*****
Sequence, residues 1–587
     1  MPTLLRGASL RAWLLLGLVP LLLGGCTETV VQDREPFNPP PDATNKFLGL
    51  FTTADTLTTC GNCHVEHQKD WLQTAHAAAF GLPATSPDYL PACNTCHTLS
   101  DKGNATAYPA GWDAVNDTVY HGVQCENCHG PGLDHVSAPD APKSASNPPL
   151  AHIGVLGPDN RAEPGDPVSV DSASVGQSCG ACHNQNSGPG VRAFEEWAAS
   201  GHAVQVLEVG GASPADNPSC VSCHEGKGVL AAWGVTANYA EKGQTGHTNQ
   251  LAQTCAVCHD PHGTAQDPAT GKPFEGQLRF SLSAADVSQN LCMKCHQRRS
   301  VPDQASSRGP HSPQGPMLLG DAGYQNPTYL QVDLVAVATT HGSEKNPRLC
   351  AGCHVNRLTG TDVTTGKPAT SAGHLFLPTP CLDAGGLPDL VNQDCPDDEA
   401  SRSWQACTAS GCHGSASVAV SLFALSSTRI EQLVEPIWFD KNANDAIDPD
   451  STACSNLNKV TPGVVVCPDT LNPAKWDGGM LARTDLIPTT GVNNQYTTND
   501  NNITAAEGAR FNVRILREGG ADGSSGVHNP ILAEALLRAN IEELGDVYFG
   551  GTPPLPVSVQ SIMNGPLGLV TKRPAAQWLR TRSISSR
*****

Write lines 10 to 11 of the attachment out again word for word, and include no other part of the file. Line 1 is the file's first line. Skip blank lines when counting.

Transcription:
   401  SRSWQACTAS GCHGSASVAV SLFALSSTRI EQLVEPIWFD KNANDAIDPD
   451  STACSNLNKV TPGVVVCPDT LNPAKWDGGM LARTDLIPTT GVNNQYTTND